Bursting open pods of silk cotton,
There emerged hot summer with a bang.

Went dry the flow of wide streams,
Surfaced huge cracks in boulders big,
Shone the fields with water thrown by bird-catchers
To entice the winged creatures
Rose high the white ashes of leaves,
As trees were burnt by wild fire.

The hawks pursued mistaking them for white pigeons.
Shifted the slumbering travellers under trees
As the shades quickly shifted
Turned round and round like devotees making
Prostrate salutations turning on their bellies, and backs.
Livid grew the faces of the directions eight,
Their very faces turned wean:
The directions became yards
For washer men to dry Bhairav’*s clothes,
The wide expanses became tempting mirages.

(*Bhairav is the Destroyer, the third in the Hindu Trinity, Brahma, Vishnu and Maheswar)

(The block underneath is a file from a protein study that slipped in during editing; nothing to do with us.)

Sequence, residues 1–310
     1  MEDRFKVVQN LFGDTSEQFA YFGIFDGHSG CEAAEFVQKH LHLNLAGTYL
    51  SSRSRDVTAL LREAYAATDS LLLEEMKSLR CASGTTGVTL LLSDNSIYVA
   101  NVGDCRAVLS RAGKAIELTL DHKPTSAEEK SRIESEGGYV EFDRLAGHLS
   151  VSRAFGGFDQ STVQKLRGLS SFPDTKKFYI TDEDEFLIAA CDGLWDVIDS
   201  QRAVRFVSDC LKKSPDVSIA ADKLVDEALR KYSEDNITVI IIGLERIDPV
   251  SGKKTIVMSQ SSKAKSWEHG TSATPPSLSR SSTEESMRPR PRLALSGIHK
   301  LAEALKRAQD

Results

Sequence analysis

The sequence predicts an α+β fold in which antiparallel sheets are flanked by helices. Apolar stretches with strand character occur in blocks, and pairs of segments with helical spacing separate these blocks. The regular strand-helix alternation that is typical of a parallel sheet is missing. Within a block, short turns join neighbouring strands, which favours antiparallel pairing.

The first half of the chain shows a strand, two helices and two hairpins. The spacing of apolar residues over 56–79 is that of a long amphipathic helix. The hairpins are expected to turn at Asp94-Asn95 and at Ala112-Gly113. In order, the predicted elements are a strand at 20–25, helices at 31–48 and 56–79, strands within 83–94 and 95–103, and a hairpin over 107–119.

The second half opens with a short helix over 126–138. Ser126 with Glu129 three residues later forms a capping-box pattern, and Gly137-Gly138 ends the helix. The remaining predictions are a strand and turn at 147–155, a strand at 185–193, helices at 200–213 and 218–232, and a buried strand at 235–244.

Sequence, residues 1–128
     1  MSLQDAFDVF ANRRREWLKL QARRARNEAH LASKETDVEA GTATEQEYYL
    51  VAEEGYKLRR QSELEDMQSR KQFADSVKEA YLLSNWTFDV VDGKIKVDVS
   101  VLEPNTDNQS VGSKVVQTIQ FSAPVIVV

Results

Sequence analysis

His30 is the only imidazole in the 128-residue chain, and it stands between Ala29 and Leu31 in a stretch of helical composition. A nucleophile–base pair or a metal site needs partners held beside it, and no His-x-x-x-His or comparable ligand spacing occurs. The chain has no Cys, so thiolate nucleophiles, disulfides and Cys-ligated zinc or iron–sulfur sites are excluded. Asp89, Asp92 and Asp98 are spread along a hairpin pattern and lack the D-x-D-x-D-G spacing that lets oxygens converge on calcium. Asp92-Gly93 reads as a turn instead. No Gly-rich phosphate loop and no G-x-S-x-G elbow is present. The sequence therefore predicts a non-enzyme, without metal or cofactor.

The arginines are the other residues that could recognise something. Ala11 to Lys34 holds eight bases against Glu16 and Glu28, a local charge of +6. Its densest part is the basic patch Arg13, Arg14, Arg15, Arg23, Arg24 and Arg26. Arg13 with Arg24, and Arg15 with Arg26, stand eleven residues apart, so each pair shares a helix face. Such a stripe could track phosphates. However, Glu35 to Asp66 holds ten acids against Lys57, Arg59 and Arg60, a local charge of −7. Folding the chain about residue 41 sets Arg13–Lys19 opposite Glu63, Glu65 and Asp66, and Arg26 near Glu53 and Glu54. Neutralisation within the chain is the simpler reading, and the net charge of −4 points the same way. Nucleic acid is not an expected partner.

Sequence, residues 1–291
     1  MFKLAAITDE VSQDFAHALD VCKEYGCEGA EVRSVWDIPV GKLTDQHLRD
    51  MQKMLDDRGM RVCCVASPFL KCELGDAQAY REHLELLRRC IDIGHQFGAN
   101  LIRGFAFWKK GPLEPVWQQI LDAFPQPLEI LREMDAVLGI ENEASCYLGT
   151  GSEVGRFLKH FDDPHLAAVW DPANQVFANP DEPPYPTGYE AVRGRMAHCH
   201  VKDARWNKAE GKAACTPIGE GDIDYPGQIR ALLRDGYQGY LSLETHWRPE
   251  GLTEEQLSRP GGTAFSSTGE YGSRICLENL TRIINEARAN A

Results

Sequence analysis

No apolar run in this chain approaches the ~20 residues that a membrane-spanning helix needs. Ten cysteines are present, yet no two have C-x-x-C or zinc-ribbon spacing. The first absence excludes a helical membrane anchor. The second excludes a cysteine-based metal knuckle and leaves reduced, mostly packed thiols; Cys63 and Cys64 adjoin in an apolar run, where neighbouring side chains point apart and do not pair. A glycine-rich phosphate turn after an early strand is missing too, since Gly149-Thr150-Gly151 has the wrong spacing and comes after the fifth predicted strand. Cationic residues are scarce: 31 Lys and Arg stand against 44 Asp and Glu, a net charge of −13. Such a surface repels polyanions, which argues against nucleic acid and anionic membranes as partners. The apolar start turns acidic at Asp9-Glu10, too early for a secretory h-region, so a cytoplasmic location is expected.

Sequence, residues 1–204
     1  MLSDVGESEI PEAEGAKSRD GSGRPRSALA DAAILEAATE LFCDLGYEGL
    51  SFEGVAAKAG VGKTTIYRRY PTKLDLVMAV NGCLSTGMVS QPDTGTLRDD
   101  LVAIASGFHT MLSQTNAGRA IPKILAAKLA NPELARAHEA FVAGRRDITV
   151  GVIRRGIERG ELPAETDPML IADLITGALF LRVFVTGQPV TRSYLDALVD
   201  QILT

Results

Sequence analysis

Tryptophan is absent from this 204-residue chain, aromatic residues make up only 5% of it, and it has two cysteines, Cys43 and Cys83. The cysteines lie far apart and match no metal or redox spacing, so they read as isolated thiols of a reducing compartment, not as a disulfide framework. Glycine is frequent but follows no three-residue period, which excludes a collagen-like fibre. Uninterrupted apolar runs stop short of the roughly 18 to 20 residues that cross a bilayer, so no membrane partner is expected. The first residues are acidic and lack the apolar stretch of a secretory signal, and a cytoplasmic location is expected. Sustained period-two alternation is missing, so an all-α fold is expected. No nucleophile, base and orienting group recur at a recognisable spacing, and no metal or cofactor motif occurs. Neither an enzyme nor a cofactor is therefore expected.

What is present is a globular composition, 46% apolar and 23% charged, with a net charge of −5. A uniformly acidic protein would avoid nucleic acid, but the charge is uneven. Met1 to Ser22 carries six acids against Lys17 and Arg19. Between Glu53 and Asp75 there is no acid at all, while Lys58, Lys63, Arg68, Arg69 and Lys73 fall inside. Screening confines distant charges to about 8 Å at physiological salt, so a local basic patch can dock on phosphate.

With caked mud on bodies, elephants,
Boars and buffaloes of the wild
Appeared like clay models.

Lest extinction strike the species all
The creator preserved their moulds.
Using the gods of the sea,
The west wind and the scorching sun.

The smoke of summer-related fires bringing darkness
Arrays of sun’s rays stealing their water wealth
Groups of ruined wells hastening to complain
Appear like straws eddying up,
in whirlwinds going up in circles.

Reins of the sun’s chariot loosen, the snakes
Rendered week unable to eat the boiling hot rice
Arun’s * charioteer slows down often
At his master’s behest to tighten them up
and days become longer.

(*Arun is Sun)

Sun-burst pods throw out wisps of silk cotton
Rising high and dispersing
Like ashes of the sun-scorched world.

Reflected the powerful sun’s rays
In the little ponds dug up by thirsty travellers
With their hands in the sands.

Pearl strings are worn by rivers
As if to cool the heat of separation
From their true lord, the sea deity,
In the height of summer.

Looked up the lotuses in drying rivers
praying to the cloud-god, who earlier
Brought together the rivers and their lord
With coins of gold for an offering,